WHY TIES PERSIST
It is still unclear precisely why the Burmese military believes it needs the sophisticated missile technology it has already acquired and is still acquiring from North Korea. A basic SCUD-type missile such as North Korea’s Hwasong 5 or Hwasong 6 has a range of 320-500 kilometers, while a Nodong, the kind of technology that Iran and Pakistan have acquired from Pyongyang, has a range of up to 1,500 kilometers. But does Burma have any regional enemies that need to be deterred from mounting attacks, which is the usual purpose for obtaining such weapons?
The concise answer is no, but there are other strategic reasons for developing a “strong, capable and modern” military, as then junta chairman Senior General Than Shwe emphasized in a speech as early as in 1996. In the past, the Burmese army was predominantly a light infantry force whose main duty was to fight the country’s numerous ethnic and political insurgents. Many observers now argue that the main purpose of the military is to provide a show of force to deter political opponents from challenging, as the new 2008 constitution enshrines, its “leading role” in ‘”national politics.’”
Moreover, the Burmese military has visions – some would argue delusions – of grandeur. One intelligence source described the missile program as a “phallic fantasy,” a Burmese-produced large projectile that top generals would like to show off at the annual March 27 Armed Forces Day parade. “Just imagine how proud they would be to see a truck towing a big and impressive missile past the grandstand,” the source said.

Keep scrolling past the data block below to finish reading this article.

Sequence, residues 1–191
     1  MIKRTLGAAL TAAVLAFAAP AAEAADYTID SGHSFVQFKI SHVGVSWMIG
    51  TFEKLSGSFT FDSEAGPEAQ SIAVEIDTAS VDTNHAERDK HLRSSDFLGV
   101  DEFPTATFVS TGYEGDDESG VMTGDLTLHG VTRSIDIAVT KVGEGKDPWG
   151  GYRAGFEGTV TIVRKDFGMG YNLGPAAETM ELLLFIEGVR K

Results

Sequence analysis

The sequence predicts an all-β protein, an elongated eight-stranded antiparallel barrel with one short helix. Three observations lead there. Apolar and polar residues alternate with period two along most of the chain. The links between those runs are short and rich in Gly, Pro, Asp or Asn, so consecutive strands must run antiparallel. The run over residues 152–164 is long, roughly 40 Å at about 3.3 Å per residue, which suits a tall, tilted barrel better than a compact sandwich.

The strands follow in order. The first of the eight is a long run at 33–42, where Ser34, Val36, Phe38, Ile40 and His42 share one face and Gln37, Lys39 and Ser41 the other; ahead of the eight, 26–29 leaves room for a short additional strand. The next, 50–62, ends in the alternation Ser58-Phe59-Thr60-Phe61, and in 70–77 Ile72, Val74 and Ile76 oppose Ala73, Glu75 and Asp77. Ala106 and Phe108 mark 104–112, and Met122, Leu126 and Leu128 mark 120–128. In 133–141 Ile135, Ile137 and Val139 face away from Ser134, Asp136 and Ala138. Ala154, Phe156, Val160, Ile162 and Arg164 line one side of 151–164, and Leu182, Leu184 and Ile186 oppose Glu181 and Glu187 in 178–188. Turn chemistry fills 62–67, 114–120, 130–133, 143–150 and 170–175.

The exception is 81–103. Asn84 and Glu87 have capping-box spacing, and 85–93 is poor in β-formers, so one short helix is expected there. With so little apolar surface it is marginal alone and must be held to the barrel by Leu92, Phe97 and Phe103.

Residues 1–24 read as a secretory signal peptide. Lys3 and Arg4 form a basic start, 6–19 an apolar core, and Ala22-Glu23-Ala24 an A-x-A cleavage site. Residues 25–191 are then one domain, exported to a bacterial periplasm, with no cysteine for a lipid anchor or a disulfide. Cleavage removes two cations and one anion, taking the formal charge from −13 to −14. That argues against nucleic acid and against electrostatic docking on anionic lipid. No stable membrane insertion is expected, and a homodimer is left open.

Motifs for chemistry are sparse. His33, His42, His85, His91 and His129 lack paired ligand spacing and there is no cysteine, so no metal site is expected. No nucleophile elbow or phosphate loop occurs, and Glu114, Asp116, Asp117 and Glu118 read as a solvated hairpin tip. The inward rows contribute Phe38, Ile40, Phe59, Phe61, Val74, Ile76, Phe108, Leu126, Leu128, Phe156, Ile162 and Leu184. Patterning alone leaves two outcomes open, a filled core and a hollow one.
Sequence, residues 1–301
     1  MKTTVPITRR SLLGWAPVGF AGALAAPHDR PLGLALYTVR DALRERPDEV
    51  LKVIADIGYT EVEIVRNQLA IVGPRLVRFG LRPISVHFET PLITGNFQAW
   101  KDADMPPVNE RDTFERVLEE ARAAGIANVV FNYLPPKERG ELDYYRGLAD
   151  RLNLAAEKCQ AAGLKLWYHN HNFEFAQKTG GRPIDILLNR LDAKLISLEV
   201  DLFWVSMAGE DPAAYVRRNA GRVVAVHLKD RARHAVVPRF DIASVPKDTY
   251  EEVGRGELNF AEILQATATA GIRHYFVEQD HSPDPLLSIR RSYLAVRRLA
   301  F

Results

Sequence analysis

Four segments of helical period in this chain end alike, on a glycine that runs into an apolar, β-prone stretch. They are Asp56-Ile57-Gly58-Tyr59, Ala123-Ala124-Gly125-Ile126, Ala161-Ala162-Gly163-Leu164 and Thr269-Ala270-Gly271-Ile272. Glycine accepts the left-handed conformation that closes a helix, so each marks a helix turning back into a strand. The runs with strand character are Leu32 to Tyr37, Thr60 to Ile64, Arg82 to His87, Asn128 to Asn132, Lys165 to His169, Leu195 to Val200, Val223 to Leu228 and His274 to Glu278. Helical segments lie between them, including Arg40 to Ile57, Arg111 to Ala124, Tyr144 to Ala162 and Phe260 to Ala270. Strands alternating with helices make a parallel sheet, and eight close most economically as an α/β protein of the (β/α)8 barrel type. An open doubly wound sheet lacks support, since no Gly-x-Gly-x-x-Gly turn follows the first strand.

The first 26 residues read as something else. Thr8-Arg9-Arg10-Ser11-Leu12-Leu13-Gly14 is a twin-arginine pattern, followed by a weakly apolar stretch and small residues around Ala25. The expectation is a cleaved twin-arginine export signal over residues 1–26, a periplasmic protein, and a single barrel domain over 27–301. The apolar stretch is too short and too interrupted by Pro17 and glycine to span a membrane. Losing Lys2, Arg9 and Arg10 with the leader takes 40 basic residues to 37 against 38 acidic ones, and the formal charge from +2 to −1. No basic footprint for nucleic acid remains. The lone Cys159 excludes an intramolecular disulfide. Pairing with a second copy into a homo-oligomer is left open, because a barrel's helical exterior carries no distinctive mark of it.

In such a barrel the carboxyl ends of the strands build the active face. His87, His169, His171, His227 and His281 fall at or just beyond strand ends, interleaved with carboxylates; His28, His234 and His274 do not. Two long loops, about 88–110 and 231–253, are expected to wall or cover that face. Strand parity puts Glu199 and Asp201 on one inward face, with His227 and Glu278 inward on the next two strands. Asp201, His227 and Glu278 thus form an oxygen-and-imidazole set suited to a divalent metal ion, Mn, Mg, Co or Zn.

Since relations with the United States and the West began to improve in 2011, North Korean ships have told to be more discreet and no longer fly their own flag when entering Burmese waters. According to a well-placed source in Rangoon, they use flags of convenience, usually from some Central American country. Shwe Mann, now a “parliamentarian,” may no longer be North Korea’s point man in Burma. But the main business partner in Burma is still UMEH. The North’s Korea Central New Agency (KCNA) has made several references to meetings and communications with Than Tun, the company’s general director for Administrative Affairs.